But if waking up early is your idea of cruel and unusual torture, then sweating at 6 a.m. is probably not a sustainable system. Make your fitness routine work for you: Pick a time of day when you have energy, schedule a workout, rinse, and repeat.
8. Keep It Interesting
If your resolution is to exercise consistently three or four times per week, it’s time to think beyond the treadmill and the weight rack. Even for experienced gym rats, sticking to one or two types of exercise can get a little mind-numbing. Experiment with yoga, rock climbing, martial arts, team sports, kettlebells, and everything between. The more variety in your exercise program, the more fun it will be to follow, and the more likely you’ll find something you absolutely love.
The best way to test-drive a new form of exercise is to take a group class or book a session with a personal trainer—think of the extra cost as an investment in your health.
9. Hold Yourself Accountable
Stay on track by putting your money where your mouth is: Pay in advance for an exercise program that demands attendance. If working out with a trainer or group class isn’t your style, pencil in regular gym dates with friends or your partner to stay accountable. Knowing that someone’s waiting for you at the gym can prevent skipping workouts (or sleeping through them), and it’s a lot more fun than going it alone. Initiation and maintenance of exercise behavior in older women: predictors from the social learning model. Litt MD, Kleppinger A, Judge JO. Journal of behavioral medicine, 2002, Jul.;25(1):0160-7715. Plus, according to some studies, sweating with a buddy improves results—even if it’s a virtual friend on a video game.
10. Choose the Right Tech
There are scores of gadgets and apps that can help motivate would be gym-goers, but the most useful might be those that connect the user with a community of health-oriented peers. After all, it’s easier to stay on the right path with a supportive community cheering you on. MyFitnessPal, RunKeeper, and Noom are great places to start tracking progress and setting new goals, and the apps are well known for their online communities.
Looking for a simpler approach? Try Commit, a super simple app that asks the user, every day, if they’ve achieved a goal they've set. The app features a progress bar that tracks how many days you’ve committed to your goal in a row.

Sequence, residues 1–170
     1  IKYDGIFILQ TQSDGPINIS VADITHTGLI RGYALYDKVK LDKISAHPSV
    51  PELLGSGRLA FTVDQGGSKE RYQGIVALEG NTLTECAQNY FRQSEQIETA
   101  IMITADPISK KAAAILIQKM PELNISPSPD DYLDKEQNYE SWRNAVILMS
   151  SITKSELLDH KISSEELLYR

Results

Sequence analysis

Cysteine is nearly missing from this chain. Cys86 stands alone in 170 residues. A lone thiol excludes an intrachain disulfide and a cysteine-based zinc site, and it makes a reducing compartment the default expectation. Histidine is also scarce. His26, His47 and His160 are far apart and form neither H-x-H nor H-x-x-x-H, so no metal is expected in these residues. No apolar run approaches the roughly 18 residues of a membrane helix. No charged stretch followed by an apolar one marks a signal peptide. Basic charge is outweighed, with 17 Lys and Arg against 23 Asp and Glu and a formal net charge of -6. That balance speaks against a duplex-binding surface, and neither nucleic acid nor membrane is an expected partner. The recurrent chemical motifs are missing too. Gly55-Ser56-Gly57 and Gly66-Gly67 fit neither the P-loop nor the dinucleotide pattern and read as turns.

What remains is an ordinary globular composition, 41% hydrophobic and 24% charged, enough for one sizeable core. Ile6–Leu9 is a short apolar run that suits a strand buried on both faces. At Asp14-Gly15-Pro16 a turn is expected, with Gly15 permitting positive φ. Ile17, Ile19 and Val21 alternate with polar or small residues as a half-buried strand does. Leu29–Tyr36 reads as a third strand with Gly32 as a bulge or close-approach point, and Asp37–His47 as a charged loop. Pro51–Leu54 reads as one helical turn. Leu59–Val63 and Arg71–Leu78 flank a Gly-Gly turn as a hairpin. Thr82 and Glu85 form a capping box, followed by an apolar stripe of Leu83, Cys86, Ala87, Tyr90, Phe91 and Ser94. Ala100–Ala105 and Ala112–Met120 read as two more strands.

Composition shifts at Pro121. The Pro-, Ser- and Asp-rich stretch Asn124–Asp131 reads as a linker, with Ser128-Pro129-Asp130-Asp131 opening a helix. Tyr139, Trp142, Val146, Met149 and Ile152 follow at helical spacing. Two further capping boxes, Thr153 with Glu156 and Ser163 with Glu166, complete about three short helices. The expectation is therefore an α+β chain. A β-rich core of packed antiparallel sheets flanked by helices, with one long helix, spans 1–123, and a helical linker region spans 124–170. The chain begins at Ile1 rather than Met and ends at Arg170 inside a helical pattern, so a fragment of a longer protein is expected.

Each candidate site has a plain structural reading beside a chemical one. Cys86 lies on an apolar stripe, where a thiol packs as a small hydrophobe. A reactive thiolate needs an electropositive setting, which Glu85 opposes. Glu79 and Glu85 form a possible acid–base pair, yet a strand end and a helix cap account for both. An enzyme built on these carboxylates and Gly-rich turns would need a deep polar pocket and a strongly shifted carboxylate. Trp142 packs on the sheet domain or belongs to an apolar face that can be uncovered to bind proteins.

11. Think Outside the Box
Exercise doesn’t have to be a formal activity. If your New Year’s resolution is to simply be more active and burn more calories every day, there are plenty of creative (and free) ways to achieve that goal. You can fit extra movement into the day by walking during phone conversations or even volunteering for household chores. Even something as simple as drinking water throughout the day will ensure regular trips to the faucet and the bathroom.
Pick up a pedometer, grab an activity tracker, or download an app to keep track of how many steps you take, then try to beat your own record. Every minute you’re not sitting or lying down is a step toward better overall fitness. Moderate to vigorous physical activity and weight outcomes: does every minute count? Fan JX, Brown BB, Hanson H. American journal of health promotion : AJHP, 2013, Mar.;28(1):0890-1171.
12. Reevaluate Resolutions Often
How many people resolve to finish a marathon, only to realize they kind of hate distance running? Or decide to take up yoga and realize they want something faster-paced? A lot of things seem fun from a distance (ahem, barre class, anyone?), but might not be a good fit in reality. If this happens to you, it’s time to switch gears and pick a different resolution.
13. Buy Some Cool Gear
If you’re serious about fitness, consider investing in a pair of kickass walking shoes, a few tech-fabric shirts, some rock climbing gloves, a swimsuit, a cool yoga mat… whatever will get you excited about exercise. Something as simple as new workout clothes can improve confidence and help you get to the gym. After all, nobody wants to spend 50 dollars on a shirt that never gets worn, right?
14. Don't Be Afraid to Scale Back
You don’t need to be doubled over in pain, sweating out of your eyeballs, or dry heaving into the trash to have a "good" workout. Some people love intense workouts, but for others, ramping up the pain just means they’ll dread exercising—and nothing derails a fitness resolution like learning to hate exercise. A challenging workout should push you a bit outside your comfort zone, but there’s no need to catapult yourself a thousand miles from it.
15. Be Forgiving
Even the best-laid resolutions can lose steam by spring. Once the excitement of a new regimen has worn off—or your results plateau—it’s easy to justify taking a few days (or weeks) off. For some people, going on lengthy breaks can easily lead to an "Ah, screw it!" mentality and a cancelled gym membership.
But slip-ups are completely fine (even expected), and there’s not a single person on Earth who hasn’t stumbled in their path to success. If taking time off means slightly tweaking your resolution, then so be it—but don’t give up.
Originally published January 2014. Updated January 2016.